Why a medical doctor who helped a child in Haiti is helping a child again
Medical students from across the country are working to provide the Haitian people with lifesaving medical care, as well as the best possible way to save lives.
They are also doing so with a heavy dose of skepticism.
For Dr. Charles Mignon, an infectious disease specialist from Virginia, who teaches in the U.S. at Johns Hopkins University in Baltimore, Haiti’s medical crisis has forced him to ask: “Is it possible to help people in need while also being a doctor?”
“What is a doctor to do?”
Mignons questions come up regularly at his Haitian clinics, where he works with the American Association of Nurse Practitioners (NAPPS).
“I’ve been here for more than a decade and I’ve seen enough trauma to know how dangerous the situation is,” Mignón says.
“I know there are people who have died waiting for an answer, who’ve lost their lives, and there are families who don’t know how to get their loved ones back.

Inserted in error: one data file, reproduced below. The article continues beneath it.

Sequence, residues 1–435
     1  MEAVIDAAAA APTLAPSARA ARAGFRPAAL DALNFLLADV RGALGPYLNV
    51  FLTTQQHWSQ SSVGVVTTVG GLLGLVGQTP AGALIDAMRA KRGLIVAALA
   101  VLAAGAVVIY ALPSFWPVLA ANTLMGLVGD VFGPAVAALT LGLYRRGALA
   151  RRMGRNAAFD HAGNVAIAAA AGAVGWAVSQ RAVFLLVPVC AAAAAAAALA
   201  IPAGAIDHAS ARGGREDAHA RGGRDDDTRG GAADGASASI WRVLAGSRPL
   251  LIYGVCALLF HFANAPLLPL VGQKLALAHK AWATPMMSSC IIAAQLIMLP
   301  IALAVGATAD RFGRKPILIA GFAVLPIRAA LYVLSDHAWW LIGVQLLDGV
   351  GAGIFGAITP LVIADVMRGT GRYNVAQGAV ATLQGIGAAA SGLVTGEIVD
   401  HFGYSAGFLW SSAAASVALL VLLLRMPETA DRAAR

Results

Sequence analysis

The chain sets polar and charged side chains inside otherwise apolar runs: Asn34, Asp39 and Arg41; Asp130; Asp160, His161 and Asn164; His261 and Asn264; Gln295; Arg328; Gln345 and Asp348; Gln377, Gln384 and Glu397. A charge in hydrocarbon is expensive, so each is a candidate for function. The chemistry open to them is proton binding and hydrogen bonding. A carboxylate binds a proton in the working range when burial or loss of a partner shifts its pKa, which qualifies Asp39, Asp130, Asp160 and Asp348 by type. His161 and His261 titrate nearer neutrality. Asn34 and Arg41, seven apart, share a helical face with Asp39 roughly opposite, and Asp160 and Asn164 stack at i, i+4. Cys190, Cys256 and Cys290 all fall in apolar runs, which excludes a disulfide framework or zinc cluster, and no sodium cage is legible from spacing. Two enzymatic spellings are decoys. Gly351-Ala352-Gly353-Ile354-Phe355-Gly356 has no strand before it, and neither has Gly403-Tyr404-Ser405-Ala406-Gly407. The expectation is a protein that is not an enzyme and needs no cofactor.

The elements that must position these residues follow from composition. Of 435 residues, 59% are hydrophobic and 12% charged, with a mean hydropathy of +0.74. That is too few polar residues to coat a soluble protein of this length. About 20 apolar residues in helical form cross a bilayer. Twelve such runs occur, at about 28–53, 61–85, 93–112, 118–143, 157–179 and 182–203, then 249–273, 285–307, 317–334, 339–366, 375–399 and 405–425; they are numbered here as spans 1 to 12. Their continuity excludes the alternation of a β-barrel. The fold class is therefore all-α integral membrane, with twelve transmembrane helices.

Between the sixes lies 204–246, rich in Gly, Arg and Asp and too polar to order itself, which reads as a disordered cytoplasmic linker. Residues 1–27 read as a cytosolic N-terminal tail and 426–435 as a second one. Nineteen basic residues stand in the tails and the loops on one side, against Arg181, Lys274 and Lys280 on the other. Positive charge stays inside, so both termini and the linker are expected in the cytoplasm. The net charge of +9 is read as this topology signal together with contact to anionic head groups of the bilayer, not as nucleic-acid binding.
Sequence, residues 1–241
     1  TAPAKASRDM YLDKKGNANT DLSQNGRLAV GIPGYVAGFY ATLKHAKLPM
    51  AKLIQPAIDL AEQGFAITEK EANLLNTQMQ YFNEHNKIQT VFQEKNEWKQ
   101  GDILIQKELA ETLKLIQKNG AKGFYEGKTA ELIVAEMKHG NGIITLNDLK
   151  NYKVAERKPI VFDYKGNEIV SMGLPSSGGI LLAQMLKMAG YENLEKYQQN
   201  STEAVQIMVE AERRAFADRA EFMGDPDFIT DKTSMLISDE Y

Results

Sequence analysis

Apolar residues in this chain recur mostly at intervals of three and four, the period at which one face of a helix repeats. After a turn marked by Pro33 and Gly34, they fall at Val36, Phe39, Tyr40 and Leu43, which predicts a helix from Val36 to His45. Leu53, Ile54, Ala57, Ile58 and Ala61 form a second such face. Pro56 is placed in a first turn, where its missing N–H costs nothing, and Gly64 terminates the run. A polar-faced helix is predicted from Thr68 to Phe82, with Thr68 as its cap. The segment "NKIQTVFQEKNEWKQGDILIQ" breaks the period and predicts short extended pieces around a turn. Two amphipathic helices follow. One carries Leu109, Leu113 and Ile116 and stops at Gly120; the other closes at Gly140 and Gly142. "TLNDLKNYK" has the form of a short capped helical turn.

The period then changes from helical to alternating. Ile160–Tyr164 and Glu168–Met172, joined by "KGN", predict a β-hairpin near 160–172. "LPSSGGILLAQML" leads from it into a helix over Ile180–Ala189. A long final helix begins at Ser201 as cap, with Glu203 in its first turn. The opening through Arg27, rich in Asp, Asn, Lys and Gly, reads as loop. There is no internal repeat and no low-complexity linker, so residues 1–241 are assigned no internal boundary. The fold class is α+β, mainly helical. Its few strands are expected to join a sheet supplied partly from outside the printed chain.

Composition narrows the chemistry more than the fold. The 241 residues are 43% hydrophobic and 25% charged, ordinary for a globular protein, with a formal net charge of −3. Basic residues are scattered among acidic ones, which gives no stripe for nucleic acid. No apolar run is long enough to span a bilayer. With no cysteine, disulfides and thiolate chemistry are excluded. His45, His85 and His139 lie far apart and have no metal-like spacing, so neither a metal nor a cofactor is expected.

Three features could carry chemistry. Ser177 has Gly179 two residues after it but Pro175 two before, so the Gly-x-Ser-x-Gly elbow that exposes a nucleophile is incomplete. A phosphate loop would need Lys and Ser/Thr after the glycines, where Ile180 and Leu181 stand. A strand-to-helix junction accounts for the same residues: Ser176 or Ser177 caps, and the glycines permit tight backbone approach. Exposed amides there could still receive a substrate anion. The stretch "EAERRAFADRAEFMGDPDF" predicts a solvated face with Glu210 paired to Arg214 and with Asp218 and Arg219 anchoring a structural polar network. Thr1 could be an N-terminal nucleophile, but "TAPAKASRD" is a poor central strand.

“That’s what Haiti needs.””
Dr. Charles A. Smith, a pediatrician at New York University School of Medicine, is also a nurse practitioner. “
That’s what Haiti needs.”
Dr. Charles A. Smith, a pediatrician at New York University School of Medicine, is also a nurse practitioner.
Like Mignson, he believes medical professionals are helping to alleviate the countrys humanitarian crisis, but he says that in some cases, they are not.
Smith and others say that while the United States is providing aid, Haiti is not yet equipped to handle it, or to meet its humanitarian needs.
The countrys leaders are “too focused on political survival,” Smith says.
“They’re not investing in the healthcare system that is needed,” he adds.
“They’re going to take their own medicine.”
Smith’s own experience with Haiti’s healthcare system has given him an idea of what needs to be done: he is a father of a child who died of pneumonia two years ago and has had to put his son on a ventilator.
The father of three has now given up his day job as a security guard, working instead as a health educator, helping his students with CPR and other emergency care.
“I’m not saying it’s going to be easy,” Smith admits.
“But I am trying to get through it.”
Smith says that while he has seen firsthand how difficult life can be for Haitians who live in the midst of the pandemic, he also believes that there is hope.
“We can help,” he says.